On July 7, 2015, Petitioner, through counsel, filed a motion for relief from judgment raising his jail credit claim and claims of ineffective assistance of trial and appellate counsel. Petitioner's post-conviction motion for relief from judgment was denied. People v. Wood, No. 12- 30814-FC (Genesee County Cir. Ct., Aug. 25, 2015). The Michigan appellate courts denied Petitioner leave to appeal. People v. Wood, No. 329237 (Mich.CtApp. Dec. 21, 2015); Iv. den. 877 N.W.2d 884 (2016). Petitioner seeks a writ of habeas corpus on the following grounds:

I. The trial court erred by finding it did not have the discretion to award the additional jail credit and violated Petitioner's right to Due Process and Equal Protection by failing to modify the sentence to reflect the additional jail credit.
II. Ineffective assistance of trial and appellate counsel.

         II. Standard of Review

         28 U.S.C. § 2254(d), as amended by The Antiterrorism and Effective Death Penalty Act of 1996 (AEDPA), imposes the following standard of review for habeas cases:

         An application for a writ of habeas corpus on behalf of a person in custody pursuant to the judgment of a State court shall not be granted with respect to any claim that was adjudicated on the merits in State court proceedings unless the adjudication of the claim-

(1) resulted in a decision that was contrary to, or involved an unreasonable application of, clearly established Federal law, as determined by the Supreme Court of the United States; or
(2) resulted in a decision that was based on an unreasonable determination of the facts in light of the evidence presented in the State court proceeding.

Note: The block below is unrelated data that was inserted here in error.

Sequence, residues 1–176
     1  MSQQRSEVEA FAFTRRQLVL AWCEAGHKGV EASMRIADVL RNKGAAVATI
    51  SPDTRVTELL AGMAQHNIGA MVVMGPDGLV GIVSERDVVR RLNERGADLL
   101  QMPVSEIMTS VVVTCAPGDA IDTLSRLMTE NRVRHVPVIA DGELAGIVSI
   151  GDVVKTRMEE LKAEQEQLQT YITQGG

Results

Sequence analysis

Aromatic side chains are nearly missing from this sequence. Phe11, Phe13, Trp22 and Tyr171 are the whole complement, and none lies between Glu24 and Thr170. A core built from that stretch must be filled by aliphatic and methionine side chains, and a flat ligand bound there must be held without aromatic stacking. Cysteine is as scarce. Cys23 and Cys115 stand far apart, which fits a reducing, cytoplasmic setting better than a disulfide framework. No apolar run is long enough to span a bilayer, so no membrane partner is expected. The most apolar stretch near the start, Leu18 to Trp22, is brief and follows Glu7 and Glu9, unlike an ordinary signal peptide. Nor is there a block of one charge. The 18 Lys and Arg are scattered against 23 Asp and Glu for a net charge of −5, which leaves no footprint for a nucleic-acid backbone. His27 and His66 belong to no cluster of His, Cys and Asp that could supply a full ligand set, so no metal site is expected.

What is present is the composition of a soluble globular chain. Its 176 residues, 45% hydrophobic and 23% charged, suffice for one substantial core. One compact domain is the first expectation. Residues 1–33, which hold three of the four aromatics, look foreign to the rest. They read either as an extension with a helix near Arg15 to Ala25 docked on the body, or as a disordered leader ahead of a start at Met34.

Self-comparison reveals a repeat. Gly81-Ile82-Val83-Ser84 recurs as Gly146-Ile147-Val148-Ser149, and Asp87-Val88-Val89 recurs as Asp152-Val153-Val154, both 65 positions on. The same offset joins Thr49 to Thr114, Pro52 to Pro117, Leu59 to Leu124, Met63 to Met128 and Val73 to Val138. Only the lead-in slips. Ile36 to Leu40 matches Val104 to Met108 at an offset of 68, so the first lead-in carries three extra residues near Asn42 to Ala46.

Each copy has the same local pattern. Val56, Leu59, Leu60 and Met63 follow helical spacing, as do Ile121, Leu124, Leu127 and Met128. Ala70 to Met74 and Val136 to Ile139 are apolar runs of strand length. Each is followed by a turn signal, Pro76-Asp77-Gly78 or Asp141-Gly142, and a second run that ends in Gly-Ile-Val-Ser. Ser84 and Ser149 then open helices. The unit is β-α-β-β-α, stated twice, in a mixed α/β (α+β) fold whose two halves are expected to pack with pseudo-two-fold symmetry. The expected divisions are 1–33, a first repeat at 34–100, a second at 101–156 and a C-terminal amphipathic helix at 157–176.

court's determination that a claim lacks merit precludes federal habeas relief so long as 'fairminded jurists could disagree' on the correctness of the state court's decision." Harrington v. Richter, 562 U.S. 86, 101 (2011)(citing Yarborough v. Alvarado, 541 U.S. 652, 664 (2004)). In order to obtain habeas relief in federal court, a state prisoner is required to show that the state court's rejection of his claim "was so lacking in justification that there was an error well understood and comprehended in existing law beyond any possibility for fairminded disagreement." Harrington, 562 U.S. at 103.

         Petitioner raised his first claim on his direct appeal. The Michigan Court of Appeals denied Petitioner's application for leave to appeal in a form order "for lack of merit in the grounds presented." The Michigan Supreme Court subsequently denied Petitioner leave to appeal in a standard form order without any extended discussion. Determining whether a state court's decision resulted from an unreasonable legal or factual conclusion, as would warrant federal habeas relief, does not require that there be an opinion from the state court that explains the state court's reasoning. Harrington, 562 U.S. at 98. "Where a state court's decision is unaccompanied by an explanation, the habeas petitioner's burden still must be met by showing there was no reasonable basis for the state court to deny relief." Id. In fact, when a habeas petitioner has presented a federal claim to a state court and that state court has denied relief, "it may be presumed that the state court adjudicated the claim on the merits in the absence ...